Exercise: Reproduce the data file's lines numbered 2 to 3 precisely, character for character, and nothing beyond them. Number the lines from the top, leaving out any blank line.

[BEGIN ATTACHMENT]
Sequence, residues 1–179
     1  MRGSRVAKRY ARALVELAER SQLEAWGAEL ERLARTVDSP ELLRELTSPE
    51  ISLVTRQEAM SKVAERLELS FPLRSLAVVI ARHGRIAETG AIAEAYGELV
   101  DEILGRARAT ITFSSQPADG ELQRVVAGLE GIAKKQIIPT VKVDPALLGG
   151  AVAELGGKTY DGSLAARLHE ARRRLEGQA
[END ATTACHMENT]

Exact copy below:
     1  MRGSRVAKRY ARALVELAER SQLEAWGAEL ERLARTVDSP ELLRELTSPE
    51  ISLVTRQEAM SKVAERLELS FPLRSLAVVI ARHGRIAETG AIAEAYGELV